Enter the Void

Enter the Void

This psychedelic tour of life after death is seen entirely from the point of view of Oscar (Nathaniel Brown), a young American drug dealer and addict living in Tokyo with his prostitute sister, Linda (Paz de la Huerta). When Oscar is killed by police during a bust gone bad, his spirit journeys from the past -- where he sees his parents before their deaths -- to the present -- where he witnesses his own autopsy -- and then to the future, where he looks out for his sister from beyond the grave.

A U.S. drug dealer living in Tokyo is betrayed by his best friend and killed in a drug deal. His spirit journeys from the past, where he sees his parents before their deaths to the present, where he witnesses his own autopsy, and then to the future, where he looks out for his sister from beyond the grave. . You can read more in Google, Youtube, Wiki


Enter the Void torrent reviews

Gbenga O (ru) wrote: Interesting behind-the-scene look at the legend's travails and triumphs on the build-up to Rio 16. The dude sure knows how to party ??? ????

Rob C (de) wrote: The usual Tripping The Rift stuff - amusing but very daft. Lots of amusing movie parodies.

Rory Fyfe S (br) wrote: Funny movie. With good acting. Good performance by Jack Black. Great concept to story.

Abby G (kr) wrote: Kind of like School Of Rock..

Christian H (gb) wrote: Oldboy is dark, strange, visceral, twisted, brutally violent, hard-hitting, and enertaining from start to finish. This movie is so many things, but most of all is brilliantly written and directed. It starts with a great premise and ends with one of, if not, the best and most terrifying plot twists I have ever seen. 9/10

Andr (au) wrote: Review will be written when/if re-watched (Probability: Zero).First viewing: 27.06.2003

Edoy G (gb) wrote: Splendid comedy about culture clash in 70's Britain. An Afghani patriarch raises his family (including his converted white wife, a daughter and five sons, all grown up) in so-called Islamic tradition while the younger generation yearns for a more independent, democratic life. Full of laugh-out-loud moments, sharp dialogues, and touching contemplation, but it's surely not for the easily offended. You need to open your mind a bit to completely enjoy this satire.

Private U (gb) wrote: Een goeie film, zit goed in elkaar, goed camerawerk en goed acteerwerk. De film heeft door het donkere verhaal een nare sfeer.

Dhara T (br) wrote: So bad, it's brilliant. Dead cheesy with good fight scenes.

Oj H (nl) wrote: Who doesn't enjoy this movie... just fun goof-off comedy

edwin a (mx) wrote: It's almost a far gone conclusion that a post apocalyptic film is going to be decorated with sets of destruction, chaos, squalor, grime, etc. It's a fair assumption. That's what makes Testament such a unique entry into the genre. The film focuses on a Californian family. They are, quite fittingly, a nuclear family. The father, Tom (William Devane), is a health nut. He goads on his son, Brad (Rossie Harris) to keep up with him as they cycle. A bit harsh, maybe, but lovingly, certainly. He's a jovial family man. There are two other children, an adolescent daughter and an active five year old (Lukas Haas in his first role). Running the household is the Mother Carol (Jane Alexander). She is the heart and soul of the film. Tom's morning bike ride goes through town introducing us to neighbours along the way - including an Asian gas station owner and his young son with down syndrome, always looking for someone to take him fishing. Ted works in San Diego, and heads to the office, everyone assuming it will be a day like any other. Carol checks the answering machine to hear that Ted says he'll be running late, then calling back to say he will be coming for dinner. The tv scrambles, then a rumble and blinding light. That is the extent of the explosion in Testament. It is, by apocalyptic definitions, a quiet low key picture. The effect of the blast on their town is minimal. Ted however does not return home on time, nor at all. Without news, the family waits day after day hoping he can make it through what must be the twisted and demolished landscape outside of their town toward the city. In distressing fashion, his fate is confirmed later by his own words. As time passes, fallout begins to set it. It creeps in like an invisible fog, slowly taking its toll. People begin to die from radiation sickness; gasoline and food supplies begin running out; the cemeteries fill, and eventually bodies must be burned on a spire as the sky's light is ever slowly being choked out by nuclear ash and dust. While movies like Threads show us what it would like to live directly in the blast area, Testament actually hits home with more impact it its subtlety. Most of us living in these smaller towns. It's quite possible this is what life would be like immediately after for us. Testament gets under your skin with its brooding psychological impact. One of the films most crushing scenes comes as a mother washes her son by candle light, slowly realizing he is dying. In fact if there ever was a perfect word to describe Testament, it would be crushing. It's almost unbearable. Threads is as well, but in a different way. That was like a chainsaw to the face, this is like a punch to the stomach. But even when it looks like all is lost - and may be - hope still finds a way to shine on. In Carol, and in the young challenged Chinese boy, who remains happy with life's smallest pleasures. After all, that's where the key to survival lies.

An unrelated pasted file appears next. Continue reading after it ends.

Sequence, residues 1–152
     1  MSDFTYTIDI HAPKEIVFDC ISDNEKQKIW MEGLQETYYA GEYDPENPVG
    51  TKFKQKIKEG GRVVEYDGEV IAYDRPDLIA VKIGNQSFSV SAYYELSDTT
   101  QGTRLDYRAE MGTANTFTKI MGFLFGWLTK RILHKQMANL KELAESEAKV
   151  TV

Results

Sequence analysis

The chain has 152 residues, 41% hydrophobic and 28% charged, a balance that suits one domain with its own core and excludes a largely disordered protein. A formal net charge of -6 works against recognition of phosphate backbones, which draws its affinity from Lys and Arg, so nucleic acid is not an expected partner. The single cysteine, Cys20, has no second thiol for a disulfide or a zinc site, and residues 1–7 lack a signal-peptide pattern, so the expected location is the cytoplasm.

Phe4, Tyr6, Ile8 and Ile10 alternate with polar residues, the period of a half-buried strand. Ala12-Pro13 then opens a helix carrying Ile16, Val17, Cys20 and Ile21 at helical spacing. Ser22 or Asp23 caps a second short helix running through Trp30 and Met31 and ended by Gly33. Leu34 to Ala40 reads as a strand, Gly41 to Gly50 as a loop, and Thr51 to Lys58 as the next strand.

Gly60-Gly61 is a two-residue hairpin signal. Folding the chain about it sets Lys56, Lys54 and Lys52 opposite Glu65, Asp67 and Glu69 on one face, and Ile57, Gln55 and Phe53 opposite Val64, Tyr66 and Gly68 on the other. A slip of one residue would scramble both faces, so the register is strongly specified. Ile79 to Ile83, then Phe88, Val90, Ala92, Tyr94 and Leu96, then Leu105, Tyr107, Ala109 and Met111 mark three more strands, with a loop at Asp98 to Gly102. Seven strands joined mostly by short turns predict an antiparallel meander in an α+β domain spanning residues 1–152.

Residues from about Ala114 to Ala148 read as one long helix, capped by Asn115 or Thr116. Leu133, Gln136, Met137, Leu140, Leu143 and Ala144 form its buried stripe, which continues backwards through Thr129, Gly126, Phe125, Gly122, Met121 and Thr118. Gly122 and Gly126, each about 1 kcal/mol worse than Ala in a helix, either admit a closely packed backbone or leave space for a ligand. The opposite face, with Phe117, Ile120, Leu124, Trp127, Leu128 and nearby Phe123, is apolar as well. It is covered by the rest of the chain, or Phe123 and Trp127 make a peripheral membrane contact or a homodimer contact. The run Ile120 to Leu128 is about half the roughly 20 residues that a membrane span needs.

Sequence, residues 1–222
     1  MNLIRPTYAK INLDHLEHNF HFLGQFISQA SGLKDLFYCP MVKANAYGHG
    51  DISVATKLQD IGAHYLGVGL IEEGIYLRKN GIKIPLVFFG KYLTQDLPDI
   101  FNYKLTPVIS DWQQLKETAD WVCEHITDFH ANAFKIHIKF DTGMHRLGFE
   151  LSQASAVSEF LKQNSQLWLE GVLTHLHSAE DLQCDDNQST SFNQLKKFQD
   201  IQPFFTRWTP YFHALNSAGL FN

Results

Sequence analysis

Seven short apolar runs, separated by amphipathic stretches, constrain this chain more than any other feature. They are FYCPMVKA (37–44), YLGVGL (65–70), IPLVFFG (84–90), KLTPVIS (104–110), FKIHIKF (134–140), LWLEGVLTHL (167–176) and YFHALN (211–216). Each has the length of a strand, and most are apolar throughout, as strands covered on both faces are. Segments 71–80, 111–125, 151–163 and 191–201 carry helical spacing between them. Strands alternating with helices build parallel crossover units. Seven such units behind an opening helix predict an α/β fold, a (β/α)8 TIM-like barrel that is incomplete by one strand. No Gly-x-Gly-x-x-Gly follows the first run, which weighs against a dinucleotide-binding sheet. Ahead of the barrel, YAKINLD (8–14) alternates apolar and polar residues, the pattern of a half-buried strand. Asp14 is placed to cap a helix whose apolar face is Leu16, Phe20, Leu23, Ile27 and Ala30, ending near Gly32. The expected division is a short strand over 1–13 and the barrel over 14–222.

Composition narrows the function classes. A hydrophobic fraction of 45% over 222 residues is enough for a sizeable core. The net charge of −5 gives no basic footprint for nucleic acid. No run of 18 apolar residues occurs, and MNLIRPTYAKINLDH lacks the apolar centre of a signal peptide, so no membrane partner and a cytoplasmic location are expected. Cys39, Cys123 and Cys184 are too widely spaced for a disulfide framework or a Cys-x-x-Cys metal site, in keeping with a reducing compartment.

David G (de) wrote: It has a decent beginning and sets a lot of stuff up, but ultimately it doesn't do a payoff on anything that happens earlier in the movie. It wasn't horrible, but the last fifteen or so minutes are done in a pretty lazy way.